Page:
Greeks - Religion and Expressive Culture

Religious Beliefs. Over 97 percent of Greece's population belongs to the Hellenic Orthodox church, a branch of Eastern Orthodoxy. Since the Byzantine Empire, and particularly after the schism between eastern and western Christianity in 1054, Eastern Orthodoxy has been part of Greek ethnic identity. Proselytization by other religions is legally forbidden. There are only small numbers of Muslims, Roman Catholics, other Christians, and Jews. The formal theology of Eastern Orthodoxy is often mixed with informal beliefs in fate, the devil, and other supernatural forces.

Religious Practitioners. During the last few centuries, various nationally based Eastern Orthodox churches separated from the patriarch of Constantinople, among them the Hellenic Orthodox church, established in 1833. Each of these fifteen autocephalous churches runs its own affairs, while recognizing the historical and spiritual importance of the patriarch. Except for a few regions, the Hellenic Orthodox church is governed by the Holy Synod convened by the bishop of Athens. The church hierarchy includes bishops of the approximately 90 dioceses, as well as monks and nuns. While these clergy are celibate, priests may marry. Most priests have families, and many continue to practice a trade or farm in addition to performing their religious duties. Members of the local community voluntarily maintain the church building and assist with weekly services.

Ceremonies. The Sunday liturgy is the most significant weekly ritual of the Hellenic Orthodox church. There are also twelve annual Great Feasts, of which Easter and the Holy Week preceding it are the most important. Other rituals mark various points in the life cycle, particularly birth, marriage, and death. Baptism and confirmation of infants are performed simultaneously, and infants can then receive communion.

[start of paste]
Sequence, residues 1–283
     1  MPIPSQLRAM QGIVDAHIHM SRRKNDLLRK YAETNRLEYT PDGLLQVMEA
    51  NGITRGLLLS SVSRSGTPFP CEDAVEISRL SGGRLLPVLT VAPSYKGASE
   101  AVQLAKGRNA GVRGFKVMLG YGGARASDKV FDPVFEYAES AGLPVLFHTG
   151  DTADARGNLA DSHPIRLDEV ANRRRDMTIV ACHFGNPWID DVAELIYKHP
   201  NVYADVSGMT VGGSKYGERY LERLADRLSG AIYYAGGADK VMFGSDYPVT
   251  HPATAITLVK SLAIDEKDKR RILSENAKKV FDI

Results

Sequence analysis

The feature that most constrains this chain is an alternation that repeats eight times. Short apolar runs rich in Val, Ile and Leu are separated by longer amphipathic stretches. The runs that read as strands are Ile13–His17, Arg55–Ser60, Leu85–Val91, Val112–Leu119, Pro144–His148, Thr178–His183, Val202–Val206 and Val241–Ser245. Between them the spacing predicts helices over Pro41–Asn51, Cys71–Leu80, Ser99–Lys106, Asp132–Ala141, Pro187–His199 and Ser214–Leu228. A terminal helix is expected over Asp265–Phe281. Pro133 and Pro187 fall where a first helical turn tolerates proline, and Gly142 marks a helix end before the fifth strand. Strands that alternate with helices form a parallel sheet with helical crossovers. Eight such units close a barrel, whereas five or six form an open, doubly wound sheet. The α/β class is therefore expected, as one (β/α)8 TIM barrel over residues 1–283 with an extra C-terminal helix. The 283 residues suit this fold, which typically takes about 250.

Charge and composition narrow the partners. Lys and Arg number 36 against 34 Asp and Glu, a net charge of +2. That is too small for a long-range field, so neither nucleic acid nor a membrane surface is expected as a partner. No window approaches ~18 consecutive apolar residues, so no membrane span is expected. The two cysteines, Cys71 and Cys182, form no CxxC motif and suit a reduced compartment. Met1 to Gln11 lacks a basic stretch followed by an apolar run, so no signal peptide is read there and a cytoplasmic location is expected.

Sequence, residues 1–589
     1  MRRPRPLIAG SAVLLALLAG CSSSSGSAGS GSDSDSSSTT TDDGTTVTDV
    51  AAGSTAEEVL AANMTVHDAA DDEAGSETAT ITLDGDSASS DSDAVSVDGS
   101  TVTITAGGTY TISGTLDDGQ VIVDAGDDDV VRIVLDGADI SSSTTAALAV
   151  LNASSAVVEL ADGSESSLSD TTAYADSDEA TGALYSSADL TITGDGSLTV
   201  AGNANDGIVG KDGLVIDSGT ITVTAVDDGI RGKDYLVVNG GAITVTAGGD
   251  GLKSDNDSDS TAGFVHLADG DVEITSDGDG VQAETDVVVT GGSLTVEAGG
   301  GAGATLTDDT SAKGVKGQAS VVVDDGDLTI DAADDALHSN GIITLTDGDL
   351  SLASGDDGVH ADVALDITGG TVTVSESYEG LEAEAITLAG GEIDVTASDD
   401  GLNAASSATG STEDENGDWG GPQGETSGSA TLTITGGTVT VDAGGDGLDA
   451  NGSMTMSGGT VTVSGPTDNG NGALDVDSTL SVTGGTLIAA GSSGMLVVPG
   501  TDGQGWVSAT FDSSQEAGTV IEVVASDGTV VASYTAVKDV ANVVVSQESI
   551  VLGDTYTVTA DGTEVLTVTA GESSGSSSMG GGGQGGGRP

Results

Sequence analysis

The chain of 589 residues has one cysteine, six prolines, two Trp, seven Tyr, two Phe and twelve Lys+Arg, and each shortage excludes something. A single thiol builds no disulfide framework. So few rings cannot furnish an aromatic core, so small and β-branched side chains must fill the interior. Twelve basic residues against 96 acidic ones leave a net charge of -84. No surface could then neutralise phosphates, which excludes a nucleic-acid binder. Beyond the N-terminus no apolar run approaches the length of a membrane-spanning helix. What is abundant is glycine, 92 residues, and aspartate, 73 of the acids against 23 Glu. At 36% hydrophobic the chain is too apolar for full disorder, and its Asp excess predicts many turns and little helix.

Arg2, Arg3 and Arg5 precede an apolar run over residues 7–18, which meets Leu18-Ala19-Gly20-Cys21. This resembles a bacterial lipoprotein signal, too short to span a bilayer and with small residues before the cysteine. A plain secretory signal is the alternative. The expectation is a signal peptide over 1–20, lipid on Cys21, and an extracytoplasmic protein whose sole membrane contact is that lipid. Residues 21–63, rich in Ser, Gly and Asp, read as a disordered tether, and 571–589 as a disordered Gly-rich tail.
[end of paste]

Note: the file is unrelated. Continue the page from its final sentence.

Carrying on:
Arts. Displays of ancient and Byzantine art in museums, public archaeological sites, and reproductions permeate the Greek landscape, attracting tourists and symbolizing Greek identity. Contemporary artistic expression draws from folk, religious, and international traditions in varying ways. Weaving, knitting, embroidery, carving, metalworking, and pottery remain active crafts in most regions. Dancing demonstrates individual and group identity and is an integral part of most celebrations. Contemporary composers work with the instruments and motifs of folk music, particularly the more urban bouzouki, as well as the clarinet, santouri (dulcimer), violin, lute, and drums. Contemporary literature, film, and theater echo pan-European styles, and Greece counts two Nobel laureates among its modern authors, George Seferis and Odysseus Elytis. Television and cinema, both foreign and domestic, are prevalent and very popular.

Medicine. Scientific medicine is well developed and accepted. Hospitals and clinics exist in most towns, and the National Health Service sends doctors to more remote areas. Hospital births have largely replaced the use of midwives. Abortions performed by both doctors and lay practitioners are a major means of birth control and may equal live births in number. The belief that illness stems from emotional, moral, and social causes coexists with the formal medical system. Folk healers, generally women, are sometimes called to use divination, spells, and herbal remedies against both sickness and such forces as the evil eye.

Death and Afterlife. Death practices follow Hellenic Orthodox ritual modified by other beliefs, regional traditions, and contemporary circumstances. Upon death, a person's soul is thought to leave the body: at first it remains near the house, but gradually it moves farther away, until finally, after a year's time, it reaches God, who pronounces judgment and consigns the soul to paradise or hell. The body is buried within twenty-four hours of death with ceremonies at both house and local church led by the priest and female mourners who sing ritual laments. Important rituals are performed at the grave both forty days and one year after the death. After several years, the bones generally are exhumed from the ground and placed in a community ossuary.

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